Hornbeck's test: Philadelphia

June 17, 1994

For years, David W. Hornbeck has been angling for the toughest job in American education -- the superintendency of a large urban school system. Now he'll get his chance. If all goes well, the former Maryland state schools superintendent will be hired June 27 as head of Philadelphia's public schools.

It's a job Mr. Hornbeck almost had in Baltimore three years ago, when Mayor Kurt L. Schmoke asked him to become a candidate, then abandoned him at the altar in favor of a nonsensical troika arrangement that has since fallen apart. Badly hurt, Mr. Hornbeck nonetheless congratulated the winner and went about his business as a nationally respected education consultant.

Philadelphia will be a monstrous challenge. Any urban system would be. Social and economic forces combine to hinder all attempts at reform. Not one big-city school district can claim success, and Philadelphia is no exception. The nation's fifth largest district is twice as big as Baltimore, with a minority enrollment 63 percent African-American and 10.5 percent Latino. Poverty, violence and drugs plague the City of Brotherly Love, as they do the Monumental City. Philadelphia is in the midst of a budget crisis, and the city's teachers' union is a powerful force that engages in work stoppages with the frequency of dock workers.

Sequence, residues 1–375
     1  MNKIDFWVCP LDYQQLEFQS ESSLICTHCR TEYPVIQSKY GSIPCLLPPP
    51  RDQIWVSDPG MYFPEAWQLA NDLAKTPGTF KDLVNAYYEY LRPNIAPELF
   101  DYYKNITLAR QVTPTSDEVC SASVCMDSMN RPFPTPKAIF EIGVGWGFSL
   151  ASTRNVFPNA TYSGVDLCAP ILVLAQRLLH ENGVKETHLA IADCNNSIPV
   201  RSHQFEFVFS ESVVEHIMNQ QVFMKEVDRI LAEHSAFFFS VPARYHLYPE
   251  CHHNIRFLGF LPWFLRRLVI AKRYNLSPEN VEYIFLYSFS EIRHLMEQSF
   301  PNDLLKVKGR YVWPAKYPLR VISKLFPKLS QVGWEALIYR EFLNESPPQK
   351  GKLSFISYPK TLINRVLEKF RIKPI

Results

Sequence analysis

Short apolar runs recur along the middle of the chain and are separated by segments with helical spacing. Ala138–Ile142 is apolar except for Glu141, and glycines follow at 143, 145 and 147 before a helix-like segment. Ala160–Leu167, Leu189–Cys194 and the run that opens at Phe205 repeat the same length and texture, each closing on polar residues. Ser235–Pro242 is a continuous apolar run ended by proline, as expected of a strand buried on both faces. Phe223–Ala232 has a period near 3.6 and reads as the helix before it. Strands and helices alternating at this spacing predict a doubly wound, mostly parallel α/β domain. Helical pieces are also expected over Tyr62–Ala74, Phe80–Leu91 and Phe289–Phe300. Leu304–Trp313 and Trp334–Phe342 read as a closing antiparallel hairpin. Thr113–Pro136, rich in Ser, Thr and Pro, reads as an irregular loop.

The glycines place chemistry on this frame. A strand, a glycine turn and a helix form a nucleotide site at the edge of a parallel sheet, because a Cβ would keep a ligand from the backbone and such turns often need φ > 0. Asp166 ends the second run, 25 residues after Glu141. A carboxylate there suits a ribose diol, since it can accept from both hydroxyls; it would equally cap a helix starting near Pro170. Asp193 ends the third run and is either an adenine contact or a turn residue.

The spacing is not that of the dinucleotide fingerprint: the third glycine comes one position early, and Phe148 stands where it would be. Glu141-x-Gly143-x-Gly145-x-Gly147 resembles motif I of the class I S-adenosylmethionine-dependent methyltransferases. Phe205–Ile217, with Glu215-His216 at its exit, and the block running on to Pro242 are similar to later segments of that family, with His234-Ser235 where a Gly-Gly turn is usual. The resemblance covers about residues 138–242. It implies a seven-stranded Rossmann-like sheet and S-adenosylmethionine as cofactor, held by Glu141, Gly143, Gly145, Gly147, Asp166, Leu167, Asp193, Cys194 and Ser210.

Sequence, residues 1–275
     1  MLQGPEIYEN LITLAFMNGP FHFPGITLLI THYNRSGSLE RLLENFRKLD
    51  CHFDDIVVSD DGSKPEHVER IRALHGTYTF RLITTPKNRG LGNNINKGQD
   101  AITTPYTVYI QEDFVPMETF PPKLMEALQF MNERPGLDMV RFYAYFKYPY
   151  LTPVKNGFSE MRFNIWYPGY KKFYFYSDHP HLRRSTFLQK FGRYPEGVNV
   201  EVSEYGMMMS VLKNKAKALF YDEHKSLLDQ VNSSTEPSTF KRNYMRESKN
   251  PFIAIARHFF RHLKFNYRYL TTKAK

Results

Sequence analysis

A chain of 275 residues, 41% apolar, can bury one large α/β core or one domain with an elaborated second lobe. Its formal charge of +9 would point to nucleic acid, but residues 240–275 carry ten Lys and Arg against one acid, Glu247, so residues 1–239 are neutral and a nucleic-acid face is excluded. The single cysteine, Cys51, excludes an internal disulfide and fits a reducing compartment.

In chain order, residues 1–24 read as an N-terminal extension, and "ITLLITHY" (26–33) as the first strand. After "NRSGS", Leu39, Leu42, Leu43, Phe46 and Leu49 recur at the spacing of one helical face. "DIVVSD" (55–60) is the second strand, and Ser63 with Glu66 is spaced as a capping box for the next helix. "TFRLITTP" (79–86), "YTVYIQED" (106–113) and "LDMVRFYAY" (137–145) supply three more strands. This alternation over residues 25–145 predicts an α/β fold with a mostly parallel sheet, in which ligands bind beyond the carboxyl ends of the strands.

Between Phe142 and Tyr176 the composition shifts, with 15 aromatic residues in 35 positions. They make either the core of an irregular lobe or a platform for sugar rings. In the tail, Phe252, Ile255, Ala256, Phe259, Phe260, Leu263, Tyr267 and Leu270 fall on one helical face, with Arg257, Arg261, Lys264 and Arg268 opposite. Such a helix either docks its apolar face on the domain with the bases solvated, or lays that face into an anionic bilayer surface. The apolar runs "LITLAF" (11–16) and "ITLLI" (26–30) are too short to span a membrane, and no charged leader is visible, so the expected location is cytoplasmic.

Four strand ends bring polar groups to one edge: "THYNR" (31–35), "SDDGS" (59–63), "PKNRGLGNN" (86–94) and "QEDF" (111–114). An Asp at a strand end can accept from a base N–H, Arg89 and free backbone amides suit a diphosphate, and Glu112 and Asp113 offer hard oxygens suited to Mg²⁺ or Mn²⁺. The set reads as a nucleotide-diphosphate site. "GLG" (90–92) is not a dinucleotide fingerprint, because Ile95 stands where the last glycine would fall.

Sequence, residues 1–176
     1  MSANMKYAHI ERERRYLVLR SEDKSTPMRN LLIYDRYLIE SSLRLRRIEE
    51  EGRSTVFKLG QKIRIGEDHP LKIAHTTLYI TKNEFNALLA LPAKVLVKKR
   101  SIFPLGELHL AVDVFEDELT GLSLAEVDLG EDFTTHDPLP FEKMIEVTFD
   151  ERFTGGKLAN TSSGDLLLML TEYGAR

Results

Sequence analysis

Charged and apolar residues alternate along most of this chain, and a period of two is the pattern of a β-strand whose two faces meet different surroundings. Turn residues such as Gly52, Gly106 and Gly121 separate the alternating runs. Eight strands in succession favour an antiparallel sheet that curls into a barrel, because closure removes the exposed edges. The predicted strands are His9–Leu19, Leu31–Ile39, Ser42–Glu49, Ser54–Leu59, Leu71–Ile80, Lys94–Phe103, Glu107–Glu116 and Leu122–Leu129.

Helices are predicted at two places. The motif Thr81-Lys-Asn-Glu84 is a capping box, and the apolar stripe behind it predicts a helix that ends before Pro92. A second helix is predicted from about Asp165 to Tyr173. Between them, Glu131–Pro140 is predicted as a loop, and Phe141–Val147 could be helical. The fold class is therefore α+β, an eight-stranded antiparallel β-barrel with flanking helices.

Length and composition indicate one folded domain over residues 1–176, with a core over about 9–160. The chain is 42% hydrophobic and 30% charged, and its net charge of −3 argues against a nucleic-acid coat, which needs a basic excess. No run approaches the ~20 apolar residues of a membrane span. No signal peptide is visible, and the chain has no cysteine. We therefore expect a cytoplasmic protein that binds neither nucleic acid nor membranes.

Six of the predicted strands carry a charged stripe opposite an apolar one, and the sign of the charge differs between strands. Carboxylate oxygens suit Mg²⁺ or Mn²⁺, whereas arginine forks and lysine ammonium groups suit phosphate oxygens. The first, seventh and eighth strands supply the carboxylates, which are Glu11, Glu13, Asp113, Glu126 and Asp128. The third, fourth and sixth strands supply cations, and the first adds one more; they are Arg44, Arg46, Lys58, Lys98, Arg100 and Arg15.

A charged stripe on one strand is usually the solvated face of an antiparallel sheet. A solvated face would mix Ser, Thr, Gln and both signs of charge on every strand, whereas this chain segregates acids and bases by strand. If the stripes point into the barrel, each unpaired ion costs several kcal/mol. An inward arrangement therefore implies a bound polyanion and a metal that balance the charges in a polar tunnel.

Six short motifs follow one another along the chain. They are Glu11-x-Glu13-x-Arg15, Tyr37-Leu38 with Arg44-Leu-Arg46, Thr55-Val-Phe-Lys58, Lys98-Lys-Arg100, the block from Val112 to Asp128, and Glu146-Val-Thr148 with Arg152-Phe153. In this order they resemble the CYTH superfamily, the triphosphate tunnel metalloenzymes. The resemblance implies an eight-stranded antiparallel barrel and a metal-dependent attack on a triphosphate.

Mr. Hornbeck seems suited to the job. He has never wavered from his support of city schools and city school children. Indeed, when Baltimore and three rural districts sued the state for a more equitable share of school funding in the 1970s, Mr. Hornbeck testified for the city, though as state superintendent he was the defendant in the suit.

Trained in the law and theology with no degree in education, Mr. Hornbeck has developed a no-nonsense theory of education that undergirded his "Project Basic" in Maryland and education reform in Kentucky, which he has been advising since 1989. It holds that schools should be measured against strict standards and rewarded if they meet the standards.

Maryland will miss Mr. Hornbeck's guidance. His many friends here will be watching his progress in Philadelphia and rooting for him.

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